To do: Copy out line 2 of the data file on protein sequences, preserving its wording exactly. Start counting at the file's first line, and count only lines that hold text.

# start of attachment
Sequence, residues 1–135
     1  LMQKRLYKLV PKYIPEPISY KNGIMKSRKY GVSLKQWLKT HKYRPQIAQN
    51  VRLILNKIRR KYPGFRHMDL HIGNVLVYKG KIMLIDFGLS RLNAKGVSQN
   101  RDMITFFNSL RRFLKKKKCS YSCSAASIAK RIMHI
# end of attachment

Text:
     1  LMQKRLYKLV PKYIPEPISY KNGIMKSRKY GVSLKQWLKT HKYRPQIAQN